Wednesday, April 13, 2011

Thank an entrepreneur

My interest in placemaking combines my conservation background and my desire to see sustainable rural communities. The two are intertwined. Sustainability often is equated to conservation-related topics, but for rural communities, sustainability includes maintaining a vibrant local economy. A vibrant local economy feeds back to conservation since a) a local economy can be built on natural assets and b) towns with hope for the future are more likely to be concerned about conserving the natural assets of their area. As I said, they were intertwined.

According to the recent talk in rural economic development circles, vibrant rural economies depend on promoting local entrepreneurship. Farmers were the original rural entrepreneurs but as employment shifted away from agriculture, other employers needed to be found. Not too long ago, for some communities finding those employers meant luring a company with tax incentives (with some of the companies banking on being able to get away with paying low wages since the area was job-limited). When the tax incentives expired, the company looked for the next place that would offer tax incentives. That’s not a sustainability based approach.

The sustainability based approach is to build up entrepreneurship among people who want to stay in the area. “Economic gardening” refers to encouraging residents start enterprises that make jobs for them and perhaps for others. These local entrepreneurs help put the ‘stay’ in sustainability (thanks to an unidentified street artist in St. Marys Australia for that play on words).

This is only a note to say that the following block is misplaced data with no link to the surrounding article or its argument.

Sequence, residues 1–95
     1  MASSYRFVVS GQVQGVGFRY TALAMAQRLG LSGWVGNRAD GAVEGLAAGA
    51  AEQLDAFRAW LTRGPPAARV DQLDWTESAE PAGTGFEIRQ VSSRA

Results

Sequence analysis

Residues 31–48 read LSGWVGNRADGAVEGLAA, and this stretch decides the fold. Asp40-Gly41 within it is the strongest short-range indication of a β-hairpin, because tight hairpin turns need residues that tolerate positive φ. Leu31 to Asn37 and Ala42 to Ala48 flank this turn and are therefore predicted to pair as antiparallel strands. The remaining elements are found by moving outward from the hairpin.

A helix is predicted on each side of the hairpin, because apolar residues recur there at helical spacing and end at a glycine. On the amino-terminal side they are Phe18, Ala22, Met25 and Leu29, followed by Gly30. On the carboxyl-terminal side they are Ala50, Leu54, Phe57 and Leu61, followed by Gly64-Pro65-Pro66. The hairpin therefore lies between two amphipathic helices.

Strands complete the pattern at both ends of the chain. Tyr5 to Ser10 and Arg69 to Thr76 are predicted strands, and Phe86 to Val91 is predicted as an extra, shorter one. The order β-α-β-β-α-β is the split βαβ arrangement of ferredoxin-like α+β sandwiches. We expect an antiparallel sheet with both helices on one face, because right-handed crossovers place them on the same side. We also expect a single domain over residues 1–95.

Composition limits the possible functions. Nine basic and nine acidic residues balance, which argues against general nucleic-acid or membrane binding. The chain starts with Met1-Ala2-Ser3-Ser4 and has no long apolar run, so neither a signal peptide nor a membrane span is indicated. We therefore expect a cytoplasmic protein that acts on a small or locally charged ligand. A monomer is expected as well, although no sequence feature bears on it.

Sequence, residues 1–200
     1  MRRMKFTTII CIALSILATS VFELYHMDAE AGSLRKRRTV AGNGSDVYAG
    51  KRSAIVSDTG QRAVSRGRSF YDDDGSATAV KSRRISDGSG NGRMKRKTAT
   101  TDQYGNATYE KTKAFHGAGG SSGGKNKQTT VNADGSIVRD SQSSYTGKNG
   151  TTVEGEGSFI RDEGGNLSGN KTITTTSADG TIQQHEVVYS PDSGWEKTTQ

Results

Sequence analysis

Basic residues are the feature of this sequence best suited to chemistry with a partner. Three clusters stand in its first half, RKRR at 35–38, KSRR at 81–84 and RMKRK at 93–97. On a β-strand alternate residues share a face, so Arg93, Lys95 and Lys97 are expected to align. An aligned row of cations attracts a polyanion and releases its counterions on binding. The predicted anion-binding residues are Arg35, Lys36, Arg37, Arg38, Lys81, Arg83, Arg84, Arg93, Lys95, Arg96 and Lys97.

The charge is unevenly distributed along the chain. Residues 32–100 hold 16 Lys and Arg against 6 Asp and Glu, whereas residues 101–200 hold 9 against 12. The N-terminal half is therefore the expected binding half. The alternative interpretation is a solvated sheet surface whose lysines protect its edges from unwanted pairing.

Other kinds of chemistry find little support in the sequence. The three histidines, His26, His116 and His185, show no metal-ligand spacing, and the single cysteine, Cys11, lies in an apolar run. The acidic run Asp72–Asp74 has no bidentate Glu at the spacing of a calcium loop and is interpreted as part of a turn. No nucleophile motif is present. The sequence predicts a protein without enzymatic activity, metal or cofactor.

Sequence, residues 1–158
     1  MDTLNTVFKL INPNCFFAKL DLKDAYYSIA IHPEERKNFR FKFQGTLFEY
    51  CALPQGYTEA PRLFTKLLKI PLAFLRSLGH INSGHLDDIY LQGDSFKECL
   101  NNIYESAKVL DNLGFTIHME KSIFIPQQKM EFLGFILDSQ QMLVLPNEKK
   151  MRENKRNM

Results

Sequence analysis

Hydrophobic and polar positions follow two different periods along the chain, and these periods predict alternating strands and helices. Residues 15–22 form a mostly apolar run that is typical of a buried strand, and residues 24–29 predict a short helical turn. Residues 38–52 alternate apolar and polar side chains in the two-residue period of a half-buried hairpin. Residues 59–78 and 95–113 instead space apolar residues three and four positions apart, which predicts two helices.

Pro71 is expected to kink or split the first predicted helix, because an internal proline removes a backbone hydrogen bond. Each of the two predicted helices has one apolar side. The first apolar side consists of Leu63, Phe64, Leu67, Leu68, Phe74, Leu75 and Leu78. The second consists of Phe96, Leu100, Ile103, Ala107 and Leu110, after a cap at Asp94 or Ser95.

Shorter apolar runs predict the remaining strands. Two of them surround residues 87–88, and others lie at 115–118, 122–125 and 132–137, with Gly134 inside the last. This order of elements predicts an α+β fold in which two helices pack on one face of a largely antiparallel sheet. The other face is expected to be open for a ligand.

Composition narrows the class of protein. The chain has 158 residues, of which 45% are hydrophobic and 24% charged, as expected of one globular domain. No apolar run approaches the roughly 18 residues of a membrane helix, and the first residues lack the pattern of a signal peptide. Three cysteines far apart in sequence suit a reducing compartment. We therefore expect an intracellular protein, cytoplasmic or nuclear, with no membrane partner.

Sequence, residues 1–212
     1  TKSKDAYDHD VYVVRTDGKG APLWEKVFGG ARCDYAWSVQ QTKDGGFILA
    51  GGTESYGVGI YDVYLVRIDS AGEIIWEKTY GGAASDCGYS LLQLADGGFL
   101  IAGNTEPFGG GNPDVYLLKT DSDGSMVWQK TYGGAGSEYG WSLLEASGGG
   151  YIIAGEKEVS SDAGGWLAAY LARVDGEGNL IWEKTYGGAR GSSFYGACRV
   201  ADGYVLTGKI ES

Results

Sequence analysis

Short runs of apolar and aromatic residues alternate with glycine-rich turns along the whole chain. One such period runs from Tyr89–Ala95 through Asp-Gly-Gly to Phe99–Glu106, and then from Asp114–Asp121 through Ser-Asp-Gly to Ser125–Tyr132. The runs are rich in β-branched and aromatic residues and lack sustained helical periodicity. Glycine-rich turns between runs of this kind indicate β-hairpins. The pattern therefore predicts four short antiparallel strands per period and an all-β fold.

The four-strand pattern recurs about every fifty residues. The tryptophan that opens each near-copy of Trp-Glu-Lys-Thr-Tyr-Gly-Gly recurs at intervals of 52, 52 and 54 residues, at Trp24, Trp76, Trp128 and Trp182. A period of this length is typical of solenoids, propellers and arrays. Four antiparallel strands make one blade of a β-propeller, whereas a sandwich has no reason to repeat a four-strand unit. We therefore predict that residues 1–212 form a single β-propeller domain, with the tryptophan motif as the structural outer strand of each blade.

Local entrepreneurs may be placemakers directly. The ice cream vendor that adds more things to do at the waterfront (in the manner of Project for Public Places’ Power of 10 Concept) is an entrepreneur of place. The owners of the locally flavored cafes and pubs and other third places are entrepreneurs who help make the place as are local food producers, local artists/artisans, outdoor recreation vendors (i.e., the kayak rental on the waterfront).

Other local entrepreneurs help build and maintain the community, even if they are not directly involved in placemaking. Like all entrepreneurs, they are investing their time and treasure, with the goal of making money to be sure, but also because they, in some sense, want to help build the area. Afterall, there are easier ways to make money and one of those easier ways might be to leave the area. But your local, independent [fill in the blank from list below] stays and perseveres and probably supports the local community in ways national chains do not.

Look around. You may be surprised at the number of entrepreneurs in your community. I never really thought of our area as a hotbed of entrepreneurship until I thought about the number of contractors, auto repair shops, personal care businesses, restaurants, cafes, pubs, professional services, small manufacturing enterprises, and more, all of which make the town what it is. We all rely on them. I’m glad the proprietors of my favorite places are still hanging in there. They work really long hours. They have a lot invested in their enterprises. I hope they’re able to get some return on that investment when they choose to retire but in the meantime, thanks for keeping the lights on.

I’d like to see a “thank a local entrepreneur day” in our community. Do any of your communities out there have something like that?

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